By the time Batali returned to the United States in 1978 to attend Rutgers University, in New Jersey, he was determined to get back to Europe (“I wanted to be a Spanish banker—I loved the idea of making a lot of money and living a luxurious life in Madrid”), and his unlikely double major was in business management and Spanish theatre. But after being thrown out of his dorm, Batali got work as a dishwasher at a pizzeria called Stuff Yer Face (in its name alone, destiny was calling), and his life changed. He was promoted to cook, then line cook (working at one “station” in a “line” of stations, making one thing), and then asked to be manager, an offer he turned down. He didn’t want the responsibility; he was having too good a time. The life at Stuff Yer Face was fast (twenty-five years later, he still claims he has the record for the most pizzas made in an hour), sexy (“The most booooootiful waitresses in town”), and very buzzy (“I don’t want to come off as a big druggy, but when a guy comes into the kitchen with a pizza pan turned upside down, covered with lines of crack, how can you say no?”). When, in his junior year, he attended a career conference hosted by representatives from major corporations, Batali realized he had been wrong; he was never going to be a banker. He was going to be a chef.


“My mother and grandmother had always told me that I should be a cook. In fact, when I was preparing my applications for college, my mother had suggested cooking school. But I said, ‘Ma, that’s too gay. I don’t want to go to cooking school—that’s for fags.’ ” Five years later, Batali was back in Europe, attending the Cordon Bleu in London.


His father, still overseeing Boeing’s foreign operations, was now based in England. Gina Batali was there, too, and recalls seeing her eldest brother only when she was getting ready for school and he was returning from his all-night escapades after attending classes during the day and then working at a pub. The pub was the Six Bells, on the King’s Road in Chelsea. Mario had been bartending at the so-called American bar (“No idea what I was doing”), when a high-priced dining room opened in the back and a chef was hired to run it, a Yorkshire man named Marco Pierre White. Batali, bored by the pace of cooking school, was hired to be the new chef’s slave.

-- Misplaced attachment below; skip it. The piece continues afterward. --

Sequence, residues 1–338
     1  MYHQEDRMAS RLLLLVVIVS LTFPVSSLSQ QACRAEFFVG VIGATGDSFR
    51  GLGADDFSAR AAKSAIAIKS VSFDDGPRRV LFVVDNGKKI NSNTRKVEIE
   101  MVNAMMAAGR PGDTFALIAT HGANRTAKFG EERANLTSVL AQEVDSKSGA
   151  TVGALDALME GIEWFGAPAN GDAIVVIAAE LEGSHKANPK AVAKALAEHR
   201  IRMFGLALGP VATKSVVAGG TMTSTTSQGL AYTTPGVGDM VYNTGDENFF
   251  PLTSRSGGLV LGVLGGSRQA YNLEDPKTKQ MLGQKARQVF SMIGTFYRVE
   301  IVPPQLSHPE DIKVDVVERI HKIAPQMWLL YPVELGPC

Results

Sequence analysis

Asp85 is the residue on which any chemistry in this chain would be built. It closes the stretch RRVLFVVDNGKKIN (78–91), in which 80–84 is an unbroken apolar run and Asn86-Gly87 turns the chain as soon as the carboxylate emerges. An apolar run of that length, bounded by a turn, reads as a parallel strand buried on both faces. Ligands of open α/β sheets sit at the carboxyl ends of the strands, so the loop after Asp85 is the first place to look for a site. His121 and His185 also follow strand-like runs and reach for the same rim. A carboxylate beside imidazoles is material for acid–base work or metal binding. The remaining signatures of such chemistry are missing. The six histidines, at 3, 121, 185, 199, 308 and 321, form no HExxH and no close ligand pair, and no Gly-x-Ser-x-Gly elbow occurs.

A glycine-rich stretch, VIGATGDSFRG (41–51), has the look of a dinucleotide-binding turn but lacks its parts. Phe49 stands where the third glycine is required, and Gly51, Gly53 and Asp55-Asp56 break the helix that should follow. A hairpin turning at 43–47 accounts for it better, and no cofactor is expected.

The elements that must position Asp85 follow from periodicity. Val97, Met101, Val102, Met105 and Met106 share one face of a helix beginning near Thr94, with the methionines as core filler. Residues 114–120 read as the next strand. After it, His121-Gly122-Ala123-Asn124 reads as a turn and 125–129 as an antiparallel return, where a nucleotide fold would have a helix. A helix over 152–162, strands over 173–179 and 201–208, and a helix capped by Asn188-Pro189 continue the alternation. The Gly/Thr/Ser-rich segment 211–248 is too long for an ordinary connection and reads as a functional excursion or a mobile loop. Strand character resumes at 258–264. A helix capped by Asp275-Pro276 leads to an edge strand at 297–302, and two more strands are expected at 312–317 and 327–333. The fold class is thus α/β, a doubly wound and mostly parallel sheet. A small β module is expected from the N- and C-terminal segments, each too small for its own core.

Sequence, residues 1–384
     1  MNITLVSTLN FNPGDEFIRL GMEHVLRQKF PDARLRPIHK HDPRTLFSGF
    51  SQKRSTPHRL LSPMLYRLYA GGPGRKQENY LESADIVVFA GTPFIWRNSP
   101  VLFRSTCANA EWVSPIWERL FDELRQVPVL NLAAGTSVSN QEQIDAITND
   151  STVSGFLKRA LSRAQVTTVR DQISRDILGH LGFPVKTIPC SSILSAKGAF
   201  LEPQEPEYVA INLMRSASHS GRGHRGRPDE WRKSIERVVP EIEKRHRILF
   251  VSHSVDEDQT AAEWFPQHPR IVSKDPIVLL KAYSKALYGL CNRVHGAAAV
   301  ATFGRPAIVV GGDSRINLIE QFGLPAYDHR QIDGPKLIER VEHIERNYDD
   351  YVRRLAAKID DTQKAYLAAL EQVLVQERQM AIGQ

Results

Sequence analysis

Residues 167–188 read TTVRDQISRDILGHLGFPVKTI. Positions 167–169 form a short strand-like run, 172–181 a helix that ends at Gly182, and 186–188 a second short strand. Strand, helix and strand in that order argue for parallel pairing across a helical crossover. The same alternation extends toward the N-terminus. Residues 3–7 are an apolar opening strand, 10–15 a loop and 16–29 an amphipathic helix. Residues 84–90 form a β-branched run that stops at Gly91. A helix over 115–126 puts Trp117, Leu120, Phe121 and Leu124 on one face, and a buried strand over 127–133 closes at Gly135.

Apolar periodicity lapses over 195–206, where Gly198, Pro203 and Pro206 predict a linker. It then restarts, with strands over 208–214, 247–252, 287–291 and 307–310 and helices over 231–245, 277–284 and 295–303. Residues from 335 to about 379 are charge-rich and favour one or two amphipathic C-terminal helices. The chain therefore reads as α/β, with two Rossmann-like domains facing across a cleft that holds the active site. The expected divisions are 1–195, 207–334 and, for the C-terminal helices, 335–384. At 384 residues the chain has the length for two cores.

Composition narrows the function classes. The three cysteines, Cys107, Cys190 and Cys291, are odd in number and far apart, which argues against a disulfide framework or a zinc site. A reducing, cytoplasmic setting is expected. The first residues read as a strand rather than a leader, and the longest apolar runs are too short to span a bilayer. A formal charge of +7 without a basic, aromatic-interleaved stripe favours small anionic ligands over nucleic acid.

Today, Marco Pierre White is regarded as one of the most influential chefs in Britain (as well as the most foul-tempered, most mercurial, and most bullying), and it’s an extraordinary fortuity that these two men, both in their early twenties, found themselves in a tiny pub kitchen together. Batali didn’t understand what he was witnessing: his restaurant experience had been making strombolis in New Brunswick. “I assumed I was seeing what everyone else already knew. I didn’t feel like I was on the cusp of a revolution. And yet, while I had no idea this guy was about to become so famous, I could see he was preparing food from outside the box. He was a genius on the plate. I’d never worked on presentation. I just put shit on the plate.” He described White’s making a deep green puree from basil leaves and then a white butter sauce, then swirling the green sauce in one direction, and the white sauce in the other, and drawing a swerving line down the middle of the plate. “I had never seen anyone draw fucking lines with two sauces.” White would order Batali to follow him to market (“I was his whipping boy—’Yes, master,’ I’d answer, ‘whatever you say, master’ ”) and they’d return with game birds or ingredients for some of the most improbable dishes ever to be served in an English pub: écrevisses in a reduced lobster sauce, oysters with caviar, roasted ortolan (a rare, tiny bird served virtually breathing, gulped down, innards and all, like a raw crustacean)—“the whole menu written out in fucking French.”

Read More

What People are saying about this

James Salter
" Above all, there is the passion of Buford himself who, as a complete amateur, leapt wildly into the life, drenching himself in it for months on end, slaving, working, slowly learning, and this book is his glory."